Take I-70 to exit 238. Turn north onto Fall River Road and go 6.6 miles to a sharp right hand hair pin turn. Instead of making that turn, make a quick left, cross the creek and then continue west on the dirt road. About a half mile after turning onto the dirt road you will recross Fall River, head north for just a bit, come to what appears to be a place to camp, and then turn left to head back west. From when you turn off the paved road to the trailhead is 1.6 miles. This dirt road for the most part passenger cars should be able to navigate with little problem, but watching where they drive in a couple of sections.
The trailhead is at 39,48.673N, 105,40.038W and at 10,151 feet
Sign at trailhead
Sign states the distance to James Peak is 4 1/2 miles, whereas I measured it with my GPS to be 5 miles.
There is a well defined trail all the way to the summit.
At first the trail heads east, then switches back to the west for a short distance. The trail then splits, with one trail heading west (left) and the other heading northeast (right). The northeast fork goes a short distance to the road to Loch Lomond, if you head west (left) on the road you will come back to where the other branch of the trail crosses the road. Back to the trail junction, if you follow the left branch you will hike below the Loch Lomond road, and at times see metal pipes that probably use to carry water from higher up, but have long since ceased to serve any function. After awhile the trail will cross the road and start to head up through a mixed aspen and evergreen forest until you get to about 11,000 feet when the trees start to get stunted.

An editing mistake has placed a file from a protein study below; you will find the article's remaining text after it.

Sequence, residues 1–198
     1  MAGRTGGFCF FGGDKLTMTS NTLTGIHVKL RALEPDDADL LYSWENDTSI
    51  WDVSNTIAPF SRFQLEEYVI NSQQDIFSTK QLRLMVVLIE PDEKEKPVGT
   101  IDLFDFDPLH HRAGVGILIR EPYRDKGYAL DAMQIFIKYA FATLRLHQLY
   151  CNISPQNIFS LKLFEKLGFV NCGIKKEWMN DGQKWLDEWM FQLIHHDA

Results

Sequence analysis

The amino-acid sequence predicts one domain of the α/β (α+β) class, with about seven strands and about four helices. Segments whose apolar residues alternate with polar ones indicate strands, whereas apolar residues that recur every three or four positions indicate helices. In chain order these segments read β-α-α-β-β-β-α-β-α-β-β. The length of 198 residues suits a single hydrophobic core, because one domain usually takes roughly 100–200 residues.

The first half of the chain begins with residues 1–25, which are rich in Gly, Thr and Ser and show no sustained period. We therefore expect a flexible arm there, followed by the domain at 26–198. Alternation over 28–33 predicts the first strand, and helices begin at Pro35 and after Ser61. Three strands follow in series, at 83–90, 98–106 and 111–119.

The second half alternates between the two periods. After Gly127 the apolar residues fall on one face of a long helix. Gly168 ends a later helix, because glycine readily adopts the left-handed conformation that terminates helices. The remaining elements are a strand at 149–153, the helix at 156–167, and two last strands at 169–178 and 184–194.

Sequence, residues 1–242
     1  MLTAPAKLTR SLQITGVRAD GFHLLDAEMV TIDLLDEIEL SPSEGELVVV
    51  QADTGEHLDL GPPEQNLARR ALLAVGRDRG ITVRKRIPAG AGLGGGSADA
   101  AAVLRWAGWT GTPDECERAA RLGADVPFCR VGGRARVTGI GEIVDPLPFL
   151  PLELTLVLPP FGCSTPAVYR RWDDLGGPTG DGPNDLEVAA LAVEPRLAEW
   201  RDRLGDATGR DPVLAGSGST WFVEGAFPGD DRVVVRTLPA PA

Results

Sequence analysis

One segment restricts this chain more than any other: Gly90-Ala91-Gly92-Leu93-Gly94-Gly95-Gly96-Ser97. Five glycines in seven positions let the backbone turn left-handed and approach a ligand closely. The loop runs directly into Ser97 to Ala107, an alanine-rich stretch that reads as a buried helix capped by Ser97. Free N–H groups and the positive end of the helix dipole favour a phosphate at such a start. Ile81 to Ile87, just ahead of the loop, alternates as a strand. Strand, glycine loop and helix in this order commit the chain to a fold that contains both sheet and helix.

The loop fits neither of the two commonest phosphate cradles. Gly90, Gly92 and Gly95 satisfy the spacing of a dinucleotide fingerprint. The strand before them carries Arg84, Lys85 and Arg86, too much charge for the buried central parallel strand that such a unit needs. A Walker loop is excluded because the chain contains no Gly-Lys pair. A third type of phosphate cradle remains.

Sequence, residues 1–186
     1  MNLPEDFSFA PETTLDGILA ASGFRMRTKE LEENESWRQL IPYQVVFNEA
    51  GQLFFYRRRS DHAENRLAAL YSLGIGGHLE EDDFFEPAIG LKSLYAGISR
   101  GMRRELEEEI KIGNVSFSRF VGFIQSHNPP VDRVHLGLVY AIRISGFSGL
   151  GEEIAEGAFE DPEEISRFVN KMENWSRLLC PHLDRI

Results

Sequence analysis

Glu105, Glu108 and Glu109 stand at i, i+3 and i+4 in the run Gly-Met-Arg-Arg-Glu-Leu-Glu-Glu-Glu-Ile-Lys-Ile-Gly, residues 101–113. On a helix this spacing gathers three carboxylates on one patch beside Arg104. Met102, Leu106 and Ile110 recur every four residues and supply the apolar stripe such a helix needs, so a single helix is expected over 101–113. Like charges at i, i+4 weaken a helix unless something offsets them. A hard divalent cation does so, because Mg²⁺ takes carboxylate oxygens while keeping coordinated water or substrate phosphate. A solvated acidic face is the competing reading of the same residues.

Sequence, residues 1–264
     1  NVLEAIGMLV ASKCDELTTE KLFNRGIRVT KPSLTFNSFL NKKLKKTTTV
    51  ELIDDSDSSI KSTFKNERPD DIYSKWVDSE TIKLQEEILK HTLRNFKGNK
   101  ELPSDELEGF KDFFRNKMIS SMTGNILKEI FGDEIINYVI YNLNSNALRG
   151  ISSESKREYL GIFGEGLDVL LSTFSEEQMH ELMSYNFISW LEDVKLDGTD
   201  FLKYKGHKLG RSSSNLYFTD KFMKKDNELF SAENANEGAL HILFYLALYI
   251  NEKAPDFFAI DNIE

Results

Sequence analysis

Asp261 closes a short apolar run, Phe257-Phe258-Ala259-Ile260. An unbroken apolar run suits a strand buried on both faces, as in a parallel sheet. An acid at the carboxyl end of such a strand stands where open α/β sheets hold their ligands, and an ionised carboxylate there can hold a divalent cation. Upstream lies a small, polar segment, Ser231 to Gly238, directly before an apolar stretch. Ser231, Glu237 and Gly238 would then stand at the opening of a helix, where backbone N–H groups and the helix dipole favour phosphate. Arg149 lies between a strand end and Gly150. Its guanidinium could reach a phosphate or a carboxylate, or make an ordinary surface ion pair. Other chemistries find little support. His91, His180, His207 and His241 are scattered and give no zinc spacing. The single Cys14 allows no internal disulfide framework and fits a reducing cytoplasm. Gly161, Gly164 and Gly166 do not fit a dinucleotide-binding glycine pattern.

Pretty soon after that you will be walking across open meadows. At about 11,600 feet you will cross what appears to be an old wagon road,
Looking south down old wagon road
and then shortly after that you will enter the James Peak Wilderness Area.
Continue to follow the trail is it starts to head west. Just before you come to a small boulder field at a little over 12,000 feet there is a faint trail that heads south to overlook Lakes Stewart, Ohman and Reynolds. Higher up on the trail you have another opportunity to look down upon these lakes as well.
When the trail crosses the small boulder field, the trail gets a little faint, but is still easily followed. After you pass of the boulders, the trail is well defined again all the way to the summit.
Part of this trail is in the James Peak Wilderness Area. While there are no fees for day use, there are certain regulations that need to be followed.
# Pets must be on a handheld leash at all times.
# Camping is prohibited within 100 feet of lakes, streams and trails.
# Campfires are prohibited.
# Group size is limited to a maximum of 12 people or people and packstock combined.
# Motorized or mechanized equipment, including mountain bikes, wagons, carts and chainsaws, are not permitted (wheelchairs are allowed).
# Hobbling, tethering or picketing of packstock is prohibited within 100 feet of lakes, streams or trails.
# Only pelletized or steam-rolled feed grains, or certified weed-free hay, straw, or mulch are allowed.
Permits are not required for camping in the James Peak Wilderness Area, as they are in the nearby Indian Peaks Wilderness Area.